the United States, and Russia gained significant commercial
privileges. These conflicts were the first Opium War from
1839 to 1842 between China and Britain and the second Opium
War (1856-60) fought by China against Britain and France.
Opium had been introduced into China in the 7th century. By
the early 18th century opium addiction had become such a severe
problem that the government tried to prohibit trade in it.
The prohibition was a failure. When the British discovered
the value of the opium trade in 1773, they determined to benefit.
The Chinese paid the British for the opium, and the British
in turn used the money as part payment for goods bought from
In 1839 the Chinese government made a concerted effort to
suppress the opium trade. All the opium warehouses in Canton
were confiscated. This serious effort, followed by a minor
military incident, led to hostilities. In February 1840 the
British sent an expedition against Canton.
The conflict, in which the more powerful British were victorious,
was ended by the Treaty of Nanjing, which was signed on Aug.
29, 1842, and a supplemental treaty of Oct. 8, 1843. These
treaties provided for payment of an indemnity of 21 million
dollars by the Chinese, cession of five ports for British
trade and residence, and the right of British citizens in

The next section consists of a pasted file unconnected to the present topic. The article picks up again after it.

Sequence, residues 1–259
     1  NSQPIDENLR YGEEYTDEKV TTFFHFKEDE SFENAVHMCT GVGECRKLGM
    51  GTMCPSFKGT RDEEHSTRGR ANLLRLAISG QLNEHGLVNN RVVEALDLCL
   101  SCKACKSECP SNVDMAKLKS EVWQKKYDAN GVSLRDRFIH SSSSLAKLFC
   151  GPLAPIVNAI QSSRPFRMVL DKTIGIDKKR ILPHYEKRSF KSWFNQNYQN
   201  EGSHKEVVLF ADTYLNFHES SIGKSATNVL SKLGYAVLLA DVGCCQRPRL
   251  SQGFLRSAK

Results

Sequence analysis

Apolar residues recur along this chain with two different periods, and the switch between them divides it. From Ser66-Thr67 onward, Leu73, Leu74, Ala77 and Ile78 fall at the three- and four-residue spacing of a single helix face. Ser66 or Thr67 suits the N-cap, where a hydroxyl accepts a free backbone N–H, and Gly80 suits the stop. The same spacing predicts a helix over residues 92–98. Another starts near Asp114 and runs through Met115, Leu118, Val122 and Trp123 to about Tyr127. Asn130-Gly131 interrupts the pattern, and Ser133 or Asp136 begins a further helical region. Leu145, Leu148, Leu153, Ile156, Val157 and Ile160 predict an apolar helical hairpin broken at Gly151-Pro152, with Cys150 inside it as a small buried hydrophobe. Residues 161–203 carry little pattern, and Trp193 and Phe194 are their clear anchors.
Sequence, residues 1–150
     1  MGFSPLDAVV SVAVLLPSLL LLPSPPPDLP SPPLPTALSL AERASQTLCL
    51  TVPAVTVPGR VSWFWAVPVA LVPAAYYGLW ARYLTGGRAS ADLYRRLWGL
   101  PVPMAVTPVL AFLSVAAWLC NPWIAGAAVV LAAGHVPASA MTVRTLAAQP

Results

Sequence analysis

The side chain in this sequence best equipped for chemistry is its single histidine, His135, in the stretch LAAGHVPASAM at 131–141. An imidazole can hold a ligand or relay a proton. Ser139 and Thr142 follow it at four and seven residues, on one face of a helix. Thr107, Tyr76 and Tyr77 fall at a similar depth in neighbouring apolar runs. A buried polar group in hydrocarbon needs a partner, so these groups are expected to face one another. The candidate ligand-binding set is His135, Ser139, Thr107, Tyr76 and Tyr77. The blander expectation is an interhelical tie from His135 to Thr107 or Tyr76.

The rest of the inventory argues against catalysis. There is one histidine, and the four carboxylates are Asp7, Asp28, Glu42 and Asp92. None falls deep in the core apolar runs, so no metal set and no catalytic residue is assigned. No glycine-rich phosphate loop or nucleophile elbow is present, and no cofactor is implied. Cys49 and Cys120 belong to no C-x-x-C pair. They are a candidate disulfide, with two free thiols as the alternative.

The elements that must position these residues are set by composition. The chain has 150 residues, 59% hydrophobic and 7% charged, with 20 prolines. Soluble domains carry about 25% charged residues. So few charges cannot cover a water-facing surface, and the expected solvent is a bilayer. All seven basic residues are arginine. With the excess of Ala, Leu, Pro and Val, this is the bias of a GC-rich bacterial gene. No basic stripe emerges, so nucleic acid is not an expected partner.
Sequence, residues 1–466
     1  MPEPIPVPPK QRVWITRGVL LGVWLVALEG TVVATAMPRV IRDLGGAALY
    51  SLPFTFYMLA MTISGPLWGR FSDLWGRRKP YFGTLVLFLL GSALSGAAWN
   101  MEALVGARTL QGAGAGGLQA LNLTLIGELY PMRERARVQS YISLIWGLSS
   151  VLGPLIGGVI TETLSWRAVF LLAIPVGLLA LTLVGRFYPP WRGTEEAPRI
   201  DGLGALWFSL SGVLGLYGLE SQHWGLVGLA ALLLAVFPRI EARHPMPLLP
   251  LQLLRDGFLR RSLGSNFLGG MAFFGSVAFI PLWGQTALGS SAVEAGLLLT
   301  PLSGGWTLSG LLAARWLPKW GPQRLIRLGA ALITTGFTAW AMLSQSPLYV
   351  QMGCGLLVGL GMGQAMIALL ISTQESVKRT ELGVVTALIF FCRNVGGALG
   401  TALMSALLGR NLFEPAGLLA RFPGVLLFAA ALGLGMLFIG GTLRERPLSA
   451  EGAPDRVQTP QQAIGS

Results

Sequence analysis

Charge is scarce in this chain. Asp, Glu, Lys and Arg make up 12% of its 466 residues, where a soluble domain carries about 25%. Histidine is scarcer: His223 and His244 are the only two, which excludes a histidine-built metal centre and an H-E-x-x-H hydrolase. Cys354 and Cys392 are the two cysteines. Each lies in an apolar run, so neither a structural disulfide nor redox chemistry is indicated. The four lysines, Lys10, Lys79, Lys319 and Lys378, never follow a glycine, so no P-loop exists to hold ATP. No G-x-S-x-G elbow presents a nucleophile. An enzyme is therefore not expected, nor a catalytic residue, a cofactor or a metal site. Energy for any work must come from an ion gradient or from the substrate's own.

China to be tried in British courts. It was at this time that
Britain gained control of Hong Kong.
In October 1856 the Canton police boarded a British-registered
ship, the Arrow, and charged its crew with smuggling. This
incident led to the second war. In this war the British were
joined by the French, and an Anglo-French force occupied Canton
late in 1857. The Treaty of Tianjin in 1858 temporarily halted
the fighting, opened new trading ports, allowed residence
in Peking for foreign emissaries, gave freedom of movement
to Christian missionaries, and permitted travel in the interior.
The Chinese refusal to ratify the treaty led to an Anglo-French
attack on Peking and the burning of the Summer Palace. In
1860 the Chinese signed the Convention of Peking by which
they promised to observe the 1858 treaty.
In terms of casualties, it was one of the worst civil wars
in history. More than 20 million--possibly more than 30 million--died,
and 17 provinces were ravaged by the Taiping Rebellion. This
was the most serious of several internal disturbances that
took place in China between 1850 and 1873 and that seriously